• And so we look at the concept of integrating digital technology in the context of learning with a critical mindset. Elearning is defined by Nichols (2008) as the use of digital technology driven by pedagogy. This definition shifts the focus from disseminating information to managing the learning experience (Gilroy, 2001 in Coutinho and Bottentuit Jr., 2010). Coutinho and Bottentuit Jr. (2010) discussed a new generation of Elearning technology called ELearning 2.0 which is technology that is content-focussed, and involves the active participation of the community of learners publishing content in a networked environment thus promoting a collective shared experience within the community. Technology should enable the learners to actively participate in the learning process giving the onus of learning back to the learners. Technology associated with E-Learning 2.0 include Learning Management Systems, wikis, blogs, podcasts, media sharing services, social bookmarking and social networking, Real Simple Syndication (RSS) feeds, Google suite of tools such as pages, calendar, documents and spread sheets. With so much variety in our tool box to enhance the learning process educators now have the opportunity to combine the advantages of learning taking place in a traditional face to face interaction, typically associated to a classroom environment, with the advantages of online and networked environments. The definition of blended learning is still evolving but Watson (2008 In Caner,2012, p.24) defines it as “combining online delivery of educational content with the best features of classroom interaction and live instruction to personalize learning, allow thoughtful reflection, and differentiate instruction from student-to-student across a diverse group of learners.” Blended learning allows the instructor to spend less time on face to face interaction and more time to develop resources and provide feedback to the learners. It also makes it possible to individualise instruction and allows the community of learners to provide feedback to their peers (Caner, 2012). Clearly there is an imperative to incorporate digital technology to enhance learning but instructors will require professional support from their peers, the school authorities and policy makers to be able to do this effectively. A continuous professional developmentprogramme organised by local school authoritiesanchored in a framework providing an ICT plan needs to be streamlined with the efforts of the policy makers in promoting the use of ICT in the classroom. The programme should enable instructors to reflect on their motivation for incorporating ICT in the teaching and learning process. Yuen and Ma (2008) conducted a study to understand teacher acceptance in integrating technology in learning activities using 5 constructs and the Teacher Acceptance Model (TAM). Furthermore one must have a digital mindset to successfully integrate technology. A digital mindset is described as an openness to interaction in a networked environment including random interactions, and is supportive to the interaction and the culture that promotes this interaction (Power, n.d.).We were encouraged to use TAM to reflect on what has helped and what has hindered in terms of integrating e-learning technology. In my case subjective norm and computer self-efficacy have allowed me to integrate technology while perceived ease of use has hindered me from doing more. Digital mindset forced me to reflect on my openness to random interactions with my peers. I have to acknowledge that there was some resistance to interacting with my peers who are near strangers to me but I am willing to work on it in the spirit of learning.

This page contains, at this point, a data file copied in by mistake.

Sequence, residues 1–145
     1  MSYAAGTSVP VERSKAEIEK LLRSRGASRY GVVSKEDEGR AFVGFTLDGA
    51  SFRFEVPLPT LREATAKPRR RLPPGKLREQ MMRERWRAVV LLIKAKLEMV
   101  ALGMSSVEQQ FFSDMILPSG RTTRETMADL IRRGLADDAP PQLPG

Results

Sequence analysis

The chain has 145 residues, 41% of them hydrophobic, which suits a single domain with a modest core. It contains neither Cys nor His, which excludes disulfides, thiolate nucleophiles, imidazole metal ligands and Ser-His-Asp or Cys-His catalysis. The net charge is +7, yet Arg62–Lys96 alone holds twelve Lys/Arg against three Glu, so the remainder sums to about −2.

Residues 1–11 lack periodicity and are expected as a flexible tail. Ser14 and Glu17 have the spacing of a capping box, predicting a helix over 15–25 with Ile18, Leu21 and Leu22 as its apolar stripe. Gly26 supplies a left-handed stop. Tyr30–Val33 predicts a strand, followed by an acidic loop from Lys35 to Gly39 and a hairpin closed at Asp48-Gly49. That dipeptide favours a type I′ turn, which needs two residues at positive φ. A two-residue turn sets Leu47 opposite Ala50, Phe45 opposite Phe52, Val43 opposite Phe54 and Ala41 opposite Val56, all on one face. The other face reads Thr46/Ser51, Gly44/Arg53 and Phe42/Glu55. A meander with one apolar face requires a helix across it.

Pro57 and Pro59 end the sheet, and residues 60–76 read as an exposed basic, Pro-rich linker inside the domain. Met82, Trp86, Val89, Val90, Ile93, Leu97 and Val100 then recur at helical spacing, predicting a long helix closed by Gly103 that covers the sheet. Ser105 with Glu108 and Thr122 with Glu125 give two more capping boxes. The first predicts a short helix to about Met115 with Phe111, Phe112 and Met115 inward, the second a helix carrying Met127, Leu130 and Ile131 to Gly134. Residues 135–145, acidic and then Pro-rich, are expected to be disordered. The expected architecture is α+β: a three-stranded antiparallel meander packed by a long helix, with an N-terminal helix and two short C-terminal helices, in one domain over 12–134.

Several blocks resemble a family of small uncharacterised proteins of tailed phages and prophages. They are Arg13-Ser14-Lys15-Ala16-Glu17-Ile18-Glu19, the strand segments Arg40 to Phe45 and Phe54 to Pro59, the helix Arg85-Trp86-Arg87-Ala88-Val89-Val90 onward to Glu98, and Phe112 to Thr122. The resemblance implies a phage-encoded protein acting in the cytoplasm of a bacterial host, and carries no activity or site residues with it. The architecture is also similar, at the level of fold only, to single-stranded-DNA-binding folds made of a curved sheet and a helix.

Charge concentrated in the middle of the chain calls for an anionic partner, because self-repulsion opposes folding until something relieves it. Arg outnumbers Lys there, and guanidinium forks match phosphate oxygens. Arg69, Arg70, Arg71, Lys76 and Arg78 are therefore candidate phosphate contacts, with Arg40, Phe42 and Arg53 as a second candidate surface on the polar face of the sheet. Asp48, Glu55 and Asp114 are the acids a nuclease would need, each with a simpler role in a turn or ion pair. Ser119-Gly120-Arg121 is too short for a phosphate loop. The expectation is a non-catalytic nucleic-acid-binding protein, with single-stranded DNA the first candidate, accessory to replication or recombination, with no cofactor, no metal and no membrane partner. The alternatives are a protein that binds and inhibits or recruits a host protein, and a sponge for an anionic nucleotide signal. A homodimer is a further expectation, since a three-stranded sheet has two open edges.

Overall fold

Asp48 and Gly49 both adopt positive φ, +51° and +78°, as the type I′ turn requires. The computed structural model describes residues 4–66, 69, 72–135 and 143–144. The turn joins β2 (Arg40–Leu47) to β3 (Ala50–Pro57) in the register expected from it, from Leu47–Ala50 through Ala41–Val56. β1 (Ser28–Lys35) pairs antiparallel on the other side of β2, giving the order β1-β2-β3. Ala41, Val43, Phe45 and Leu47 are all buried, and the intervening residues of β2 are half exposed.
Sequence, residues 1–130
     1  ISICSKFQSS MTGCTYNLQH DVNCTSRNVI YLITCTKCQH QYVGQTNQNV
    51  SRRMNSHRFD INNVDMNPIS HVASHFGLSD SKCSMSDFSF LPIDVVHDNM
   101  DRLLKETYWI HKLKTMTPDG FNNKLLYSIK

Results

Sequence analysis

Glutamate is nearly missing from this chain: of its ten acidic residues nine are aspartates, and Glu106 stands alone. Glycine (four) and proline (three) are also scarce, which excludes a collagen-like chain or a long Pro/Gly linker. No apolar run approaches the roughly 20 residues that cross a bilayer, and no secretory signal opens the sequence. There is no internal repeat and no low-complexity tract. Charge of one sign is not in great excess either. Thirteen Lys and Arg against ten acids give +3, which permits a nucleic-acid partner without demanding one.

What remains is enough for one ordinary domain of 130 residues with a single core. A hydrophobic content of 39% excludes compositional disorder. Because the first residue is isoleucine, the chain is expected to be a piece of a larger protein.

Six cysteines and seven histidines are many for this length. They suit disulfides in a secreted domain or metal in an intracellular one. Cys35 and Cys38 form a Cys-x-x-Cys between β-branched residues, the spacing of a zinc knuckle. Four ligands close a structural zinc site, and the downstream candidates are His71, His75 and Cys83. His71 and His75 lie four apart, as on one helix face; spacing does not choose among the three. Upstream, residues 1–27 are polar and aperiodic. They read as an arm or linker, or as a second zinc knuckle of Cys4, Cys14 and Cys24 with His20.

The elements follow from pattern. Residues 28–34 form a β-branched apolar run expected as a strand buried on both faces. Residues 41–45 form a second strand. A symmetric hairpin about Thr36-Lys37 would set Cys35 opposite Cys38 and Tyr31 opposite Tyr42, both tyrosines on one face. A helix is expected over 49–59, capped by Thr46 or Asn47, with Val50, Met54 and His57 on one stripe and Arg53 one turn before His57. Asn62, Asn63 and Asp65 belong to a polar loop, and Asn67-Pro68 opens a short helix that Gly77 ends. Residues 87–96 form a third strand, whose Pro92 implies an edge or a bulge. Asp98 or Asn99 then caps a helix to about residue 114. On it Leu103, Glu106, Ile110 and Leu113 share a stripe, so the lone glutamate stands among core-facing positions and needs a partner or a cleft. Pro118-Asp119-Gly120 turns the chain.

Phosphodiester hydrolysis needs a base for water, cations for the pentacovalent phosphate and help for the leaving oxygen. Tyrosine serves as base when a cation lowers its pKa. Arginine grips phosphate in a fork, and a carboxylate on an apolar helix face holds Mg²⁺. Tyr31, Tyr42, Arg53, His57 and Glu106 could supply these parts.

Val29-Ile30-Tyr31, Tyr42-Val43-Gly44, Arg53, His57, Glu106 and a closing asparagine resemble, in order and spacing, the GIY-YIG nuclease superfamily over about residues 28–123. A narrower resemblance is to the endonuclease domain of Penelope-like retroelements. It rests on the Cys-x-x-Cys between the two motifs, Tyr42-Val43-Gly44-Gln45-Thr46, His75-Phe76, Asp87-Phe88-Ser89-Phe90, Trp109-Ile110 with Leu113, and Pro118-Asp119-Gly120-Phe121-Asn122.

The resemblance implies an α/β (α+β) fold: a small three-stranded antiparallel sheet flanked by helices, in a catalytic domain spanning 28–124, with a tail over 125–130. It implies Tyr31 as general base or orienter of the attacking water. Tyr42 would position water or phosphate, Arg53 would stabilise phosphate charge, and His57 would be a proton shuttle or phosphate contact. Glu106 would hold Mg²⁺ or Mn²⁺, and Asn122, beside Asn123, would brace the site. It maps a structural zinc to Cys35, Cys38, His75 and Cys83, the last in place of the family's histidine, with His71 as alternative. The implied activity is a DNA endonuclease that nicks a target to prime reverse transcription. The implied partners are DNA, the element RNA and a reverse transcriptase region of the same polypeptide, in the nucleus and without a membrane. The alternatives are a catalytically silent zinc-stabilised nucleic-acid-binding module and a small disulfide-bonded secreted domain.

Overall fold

• How will critical thinking affect my future practice? Critical thinking now forces me to re-think and re-evaluate common perceptions about learning whether it’s traditional face to face or blended learning or distance learning. Which E Learning 2.0 tool is best used to tap into skills and knowledge of colleagues who have been with the company for years? How can I get them to share and collaborate? Research findings support that technology can enhance learning but this must be driven by pedagogy/ies. Critical thinking enables me to unpack ideas, to evaluate an idea based on its merit and context, and to ask important questions about incorporating technology using a set of criteria. This will come very handy indeed as we move into module 2: Pedagogy, Technology and Society.